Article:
300 millennial Jewish leaders to Netanyahu: You’re making it hard for us to defend Israel

Israeli Prime Minister Benjamin Netanyahu waves to supporters in Ramat Gan following his speech launching the Likud party election campaign, March 4, 2019. (Amir Levy/Getty Images

by Brianna Goodlin, Daniel B. Jeydel

(JTA) — Before Prime Minister Benjamin Netanyahu takes the stage at the AIPAC policy conference next week, he will have received a letter from hundreds of concerned millennial Jewish Zionists from across North America.

As millennials on the frontlines of Israel advocacy and Jewish community work, we remain deeply invested in the future of the Jewish state. However, as our letter states, there are several serious and unaddressed issues that could seriously erode support for Israel among our generation of U.S. Jews and thereby threaten the sustainability of a strong U.S.-Israel relationship.

We convened more than 100 Jewish leaders in signing this letter, including David Yarus, the founder of JSwipe, Elad “Pop Chassid” Nehorai, and past assistant directors from both AIPAC and J Street. The letter, with now well over 300 signatories since it launched online, aims to tell the prime minister why we’re so alarmed by Israel’s current trajectory.

Some believe assimilation and a detachment from the Jewish faith account for our generation’s growing criticism of Israel. While these may be factors, they tell only part of the story. Any assessment of Israel’s relationship with the next generation of American Jewry is incomplete if it does not primarily consider the growing challenges regarding Israel’s democracy and Jewish character.

The generational split over Israel in the U.S. Jewish community has been the focus of much media attention, only amplifying the perception that young American Jews are headed for a rupture with Israel – if it has not occurred already.

But we are aiming to buck those trends. As proud Zionist millennial Jewish leaders, we believe firmly in Israel as a Jewish and democratic state. Yet, the prime minister and his government have pursued a course of action that is both deeply disquieting and counterintuitive to our efforts to advocate for a strong U.S.-Israel relationship.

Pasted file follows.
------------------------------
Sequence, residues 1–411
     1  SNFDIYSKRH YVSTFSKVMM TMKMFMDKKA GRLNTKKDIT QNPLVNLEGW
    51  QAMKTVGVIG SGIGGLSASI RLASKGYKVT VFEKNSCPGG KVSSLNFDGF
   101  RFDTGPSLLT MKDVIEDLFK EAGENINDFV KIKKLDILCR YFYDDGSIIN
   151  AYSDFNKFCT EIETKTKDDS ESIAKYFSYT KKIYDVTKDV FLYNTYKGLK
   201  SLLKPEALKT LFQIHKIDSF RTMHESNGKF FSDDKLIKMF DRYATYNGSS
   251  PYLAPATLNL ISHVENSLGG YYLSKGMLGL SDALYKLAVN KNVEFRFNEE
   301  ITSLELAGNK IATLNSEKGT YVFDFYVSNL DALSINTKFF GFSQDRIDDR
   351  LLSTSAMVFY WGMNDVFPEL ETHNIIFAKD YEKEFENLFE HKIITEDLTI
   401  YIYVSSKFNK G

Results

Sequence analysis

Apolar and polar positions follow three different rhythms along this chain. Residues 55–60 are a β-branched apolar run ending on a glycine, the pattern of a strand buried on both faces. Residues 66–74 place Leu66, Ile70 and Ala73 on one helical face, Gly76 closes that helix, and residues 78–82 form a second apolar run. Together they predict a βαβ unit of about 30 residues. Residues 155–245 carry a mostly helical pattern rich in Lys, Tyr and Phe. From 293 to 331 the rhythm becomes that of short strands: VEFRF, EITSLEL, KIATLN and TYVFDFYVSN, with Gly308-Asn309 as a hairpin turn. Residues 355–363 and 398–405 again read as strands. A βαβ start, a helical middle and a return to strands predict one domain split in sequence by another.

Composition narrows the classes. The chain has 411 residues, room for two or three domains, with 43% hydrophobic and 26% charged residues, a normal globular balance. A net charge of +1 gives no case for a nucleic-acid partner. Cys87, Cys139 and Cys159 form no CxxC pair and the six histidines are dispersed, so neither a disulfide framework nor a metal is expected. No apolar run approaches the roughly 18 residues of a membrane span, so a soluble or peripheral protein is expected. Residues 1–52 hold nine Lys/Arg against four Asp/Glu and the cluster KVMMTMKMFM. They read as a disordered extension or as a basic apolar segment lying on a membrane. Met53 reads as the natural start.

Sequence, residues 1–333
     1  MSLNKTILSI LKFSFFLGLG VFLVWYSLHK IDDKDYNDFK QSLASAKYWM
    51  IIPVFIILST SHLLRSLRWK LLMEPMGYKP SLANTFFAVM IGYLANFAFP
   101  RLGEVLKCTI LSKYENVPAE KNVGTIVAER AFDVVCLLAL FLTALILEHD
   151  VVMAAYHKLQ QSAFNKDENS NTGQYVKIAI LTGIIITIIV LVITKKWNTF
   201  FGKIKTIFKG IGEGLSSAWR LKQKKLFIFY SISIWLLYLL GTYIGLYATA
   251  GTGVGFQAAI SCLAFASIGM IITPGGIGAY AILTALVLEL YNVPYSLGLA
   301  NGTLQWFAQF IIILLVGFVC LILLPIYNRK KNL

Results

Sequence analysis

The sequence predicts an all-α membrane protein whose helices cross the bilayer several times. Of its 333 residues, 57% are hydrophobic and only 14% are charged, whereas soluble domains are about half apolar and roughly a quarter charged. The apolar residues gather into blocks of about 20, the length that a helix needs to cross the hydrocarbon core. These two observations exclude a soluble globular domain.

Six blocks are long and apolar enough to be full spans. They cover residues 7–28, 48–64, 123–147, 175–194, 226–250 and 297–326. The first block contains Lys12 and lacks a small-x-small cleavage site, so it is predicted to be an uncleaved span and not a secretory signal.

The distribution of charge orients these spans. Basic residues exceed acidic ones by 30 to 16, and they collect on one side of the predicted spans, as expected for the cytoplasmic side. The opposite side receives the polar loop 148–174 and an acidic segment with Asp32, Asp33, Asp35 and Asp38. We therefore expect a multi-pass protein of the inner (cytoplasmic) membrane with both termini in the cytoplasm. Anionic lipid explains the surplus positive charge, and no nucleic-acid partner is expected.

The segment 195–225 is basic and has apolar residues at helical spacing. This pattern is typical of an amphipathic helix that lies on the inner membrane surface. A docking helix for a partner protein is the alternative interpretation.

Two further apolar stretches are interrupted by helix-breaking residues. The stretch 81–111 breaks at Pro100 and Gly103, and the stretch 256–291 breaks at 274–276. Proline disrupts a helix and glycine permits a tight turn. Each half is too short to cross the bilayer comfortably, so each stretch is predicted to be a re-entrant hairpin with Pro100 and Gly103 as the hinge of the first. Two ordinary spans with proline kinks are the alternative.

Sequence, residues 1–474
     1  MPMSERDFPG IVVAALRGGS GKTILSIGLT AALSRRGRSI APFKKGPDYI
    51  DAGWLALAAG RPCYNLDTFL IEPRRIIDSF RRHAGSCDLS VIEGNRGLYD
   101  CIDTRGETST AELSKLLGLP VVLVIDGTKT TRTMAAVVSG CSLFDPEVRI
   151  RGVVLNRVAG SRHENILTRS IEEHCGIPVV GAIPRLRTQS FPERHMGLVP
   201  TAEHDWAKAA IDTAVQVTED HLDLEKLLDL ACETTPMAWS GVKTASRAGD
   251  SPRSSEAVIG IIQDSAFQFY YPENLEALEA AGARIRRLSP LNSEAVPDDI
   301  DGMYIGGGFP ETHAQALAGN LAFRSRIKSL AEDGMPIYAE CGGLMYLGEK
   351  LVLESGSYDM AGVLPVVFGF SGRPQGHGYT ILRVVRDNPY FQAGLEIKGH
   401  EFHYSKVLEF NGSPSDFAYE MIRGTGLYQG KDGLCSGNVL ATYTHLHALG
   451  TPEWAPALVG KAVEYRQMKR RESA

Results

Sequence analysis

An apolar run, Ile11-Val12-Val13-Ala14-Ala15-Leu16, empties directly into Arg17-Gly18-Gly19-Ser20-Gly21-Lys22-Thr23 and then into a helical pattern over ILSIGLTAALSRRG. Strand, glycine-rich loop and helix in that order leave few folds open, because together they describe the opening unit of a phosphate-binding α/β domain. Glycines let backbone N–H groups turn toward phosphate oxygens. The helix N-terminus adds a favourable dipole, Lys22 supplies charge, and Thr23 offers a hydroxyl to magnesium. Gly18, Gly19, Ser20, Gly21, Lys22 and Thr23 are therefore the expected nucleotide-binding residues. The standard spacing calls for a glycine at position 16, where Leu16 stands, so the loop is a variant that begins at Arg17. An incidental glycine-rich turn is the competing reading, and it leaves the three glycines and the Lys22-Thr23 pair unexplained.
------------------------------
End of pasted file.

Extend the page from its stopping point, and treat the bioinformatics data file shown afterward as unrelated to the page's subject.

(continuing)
How can we look to the Jewish state for protection after events like last October’s Pittsburgh terror attack when Israel’s own leadership has made efforts to mainstream the racist, extremist Jewish Power party, or Otzma Yehudit? How can we make the case that Israel is pursuing peace with its neighbors when its leadership regularly opposes the two-state solution?

Our concerns do not end with this most recent political alliance. The mistreatment of non-Orthodox streams of Judaism continues to fly in the face of our shared aspiration for Israel to be a home for all Jews. This is occurring against the backdrop of newly energized efforts to annex the West Bank in part or in whole, which threaten Israel’s Jewish and democratic character. With Netanyahu boxed in by investigations and challenged politically by Benny Gantz, we are concerned that he may give concessions to further right parties to form a coalition — concessions that could permanently shut the door on a future two-state solution by way of annexation.

Without a genuine commitment to the peace process and an eventual two-state solution, these trends are almost certain to worsen as millions of Palestinians remain without hope for a better future.

Ultimately, Israeli voters will determine the makeup of their country’s next government when they head to the ballot box on April 9. However, Israel’s leadership and public must be acutely aware of how their decisions will reverberate abroad, especially in the American Jewish community, which has long been a critical pillar of support for robust U.S.-Israel ties. Failing to take these concerns into account risks subordinating the long-term health of Israeli-American friendship to shortsighted political objectives like annexation and maintaining the hegemony of the haredi Orthodox in religious affairs.

Many of the signatories who join us in this open letter already occupy positions of influence in the North American Jewish community, in political activism and in the policymaking world. In the coming years, many more of them will join them in communal institutions and in government. Ignoring us means ignoring the clergy, community organizers, advocates, policy experts and thought leaders who will carry the pro-Israel mantle for decades to come.

But it doesn’t have to be this way. We have a clear message to Benjamin Netanyahu: Change course and avert disaster. Mr. Prime Minister, we want you to know that we believe in a secure, Jewish and democratic future for Israel as the basis for a strong U.S.-Israel alliance. If you want to show us that you do as well, we’ll be listening to your AIPAC speech with open minds.

The views and opinions expressed in this article are those of the author and do not necessarily reflect the views of JTA or its parent company, 70 Faces Media.

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